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There’s a bit of Ponzi in the way government does business

I know a restaurant owner whose place has received good reviews and developed a loyal clientele, but in this tough economy its profits were tanking.

The owner didn’t want to put himself and his staff on the street, nor did he desire to run a not-for-profit restaurant. He cut where he could but eventually was faced with a dilemma.

What did he do?

He approached his landlord and renegotiated his lease.

At first the landlord balked, at one point even threatened litigation, but in the end the small businessman carved out a new lease for about half what he’d been paying. His restaurant will stay open, and the landlord will still make a profit and won’t have to worry about finding a new tenant in a recession.

That sounds like good business to me.

We’ve all heard the private-sector cliché, “Government should run more like a business.” Most people understand that government can’t actually do that, but these days I think local and state governments should take a lesson from that small restaurant owner. Namely: Renegotiate some of their dozens of building leases. With commercial building vacancy rates near an all-time high, it only makes good business sense to aggressively renegotiate those leases.

Then again, I could be wrong.

“We haven’t attempted to renegotiate current leases,” state Buildings and Grounds Administrator Cindy Edwards said Tuesday. “As leases have come up, we’ve been able to procure new leases for space at a real reasonable rate.”

That’s nice, but not exactly assertive. With the state scuffling to fill enormous budget gaps, you’d think the policy would change. But you’d be wrong.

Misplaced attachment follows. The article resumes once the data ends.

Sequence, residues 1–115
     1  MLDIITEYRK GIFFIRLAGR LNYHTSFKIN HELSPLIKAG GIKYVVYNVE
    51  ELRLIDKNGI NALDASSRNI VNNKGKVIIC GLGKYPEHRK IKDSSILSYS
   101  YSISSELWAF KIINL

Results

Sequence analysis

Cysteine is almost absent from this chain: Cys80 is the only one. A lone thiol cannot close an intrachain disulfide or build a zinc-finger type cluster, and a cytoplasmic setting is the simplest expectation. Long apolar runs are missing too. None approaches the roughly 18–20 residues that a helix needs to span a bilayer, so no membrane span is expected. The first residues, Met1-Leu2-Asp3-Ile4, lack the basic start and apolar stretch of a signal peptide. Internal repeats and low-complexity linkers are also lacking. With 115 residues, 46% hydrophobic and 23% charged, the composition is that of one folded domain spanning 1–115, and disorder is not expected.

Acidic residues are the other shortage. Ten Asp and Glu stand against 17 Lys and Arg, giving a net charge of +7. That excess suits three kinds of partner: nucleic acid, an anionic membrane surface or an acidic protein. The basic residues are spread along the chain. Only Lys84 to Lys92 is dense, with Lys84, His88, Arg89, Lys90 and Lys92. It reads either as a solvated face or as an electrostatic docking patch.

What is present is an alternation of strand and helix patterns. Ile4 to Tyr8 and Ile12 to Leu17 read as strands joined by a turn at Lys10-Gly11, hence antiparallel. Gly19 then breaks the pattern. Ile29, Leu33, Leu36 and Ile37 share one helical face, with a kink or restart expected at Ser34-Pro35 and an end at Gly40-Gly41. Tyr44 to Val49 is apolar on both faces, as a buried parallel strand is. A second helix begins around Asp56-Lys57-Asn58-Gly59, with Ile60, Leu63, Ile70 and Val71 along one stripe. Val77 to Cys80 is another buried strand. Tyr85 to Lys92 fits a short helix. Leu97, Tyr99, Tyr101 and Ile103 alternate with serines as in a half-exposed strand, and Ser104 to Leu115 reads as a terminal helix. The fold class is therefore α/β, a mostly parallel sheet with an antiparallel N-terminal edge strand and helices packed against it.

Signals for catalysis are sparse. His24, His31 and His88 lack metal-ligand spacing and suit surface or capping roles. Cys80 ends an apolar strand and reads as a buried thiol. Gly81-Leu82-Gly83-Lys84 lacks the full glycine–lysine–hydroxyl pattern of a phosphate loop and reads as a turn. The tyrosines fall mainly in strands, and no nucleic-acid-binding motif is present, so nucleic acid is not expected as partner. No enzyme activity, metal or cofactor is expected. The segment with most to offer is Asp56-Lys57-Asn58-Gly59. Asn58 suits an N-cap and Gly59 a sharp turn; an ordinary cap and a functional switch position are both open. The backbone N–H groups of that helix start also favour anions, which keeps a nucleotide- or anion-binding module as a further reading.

For an illustration of just how much government does not run like a business, look no further than the Child Care Assistance Program building at 2500 W. Washington Ave., which issues subsidies to help poor working parents afford day care. It’s located in the heart of an area of need, but the building is set to close as part of a restructuring within the Nevada Division of Welfare and Supportive Services.

The 18,000-square-foot building is leased monthly for $2.20 per square foot, including utilities. When he heard the state was considering closing the building, property manager Michael Mahban offered to slash the rent to $1.35 per square foot. That’s a savings of $15,300 per month, or $183,600 per year.

Apparently, that wasn’t good enough. The building is scheduled to close.

“The state has been playing a game with us for months now,” Mahban said. “They’re just not acting in good faith, I believe. I know this is a welfare children’s program. The building is very suitable for them. It’s not in some shopping center or dilapidated building. We’re doing everything we can to keep the state happy and keep a tenant.”

State Division of Welfare and Supportive Services Administrator Romaine Gilliland said closing the building isn’t being done as a cost-saving measure, but to “improve access” and “better distribute services throughout the local area.” A secondary benefit, he said, is to better use available space in other buildings.

Gilliland added, “Every facility that we’re in that’s a lease facility, when each lease comes up for renewal, we’re emphasizing the renegotiation of rates.”

Added Debbie Ohl of the state Department of Buildings and Grounds, “We do renegotiate the lease. We also work with the tenant to be sure the office space is in a proper environment. We do want to be working to the best benefit of both.”

Something tells me no one from Ohl’s office asked the staffers on West Washington if they thought moving would improve access and provide better distribution of services. Frankly, the impending closure stinks of petty politics and begs for legislative scrutiny.

It’s a good thing Gilliland said the closure wasn’t a cost-savings measure because it won’t save much. Edwards said the new lease calls for $1.02 monthly rent per square foot.

While that’s cheaper than the $1.35 Mahban offered, Edwards said the employees from West Washington will fill the space left vacant at a building that currently is home to state parole and probation workers.

The P&P employees are headed to, you guessed it, a new building that Edwards said is scheduled to open in 2010.

Come to think of it, government may run like a business, after all:

A business run by Ponzi.

John L. Smith’s column appears Sunday, Tuesday, Wednesday and Friday. E-mail him at Smith@reviewjournal.com or call (702) 383-0295. He also blogs at lvrj.com/blogs/smith/.

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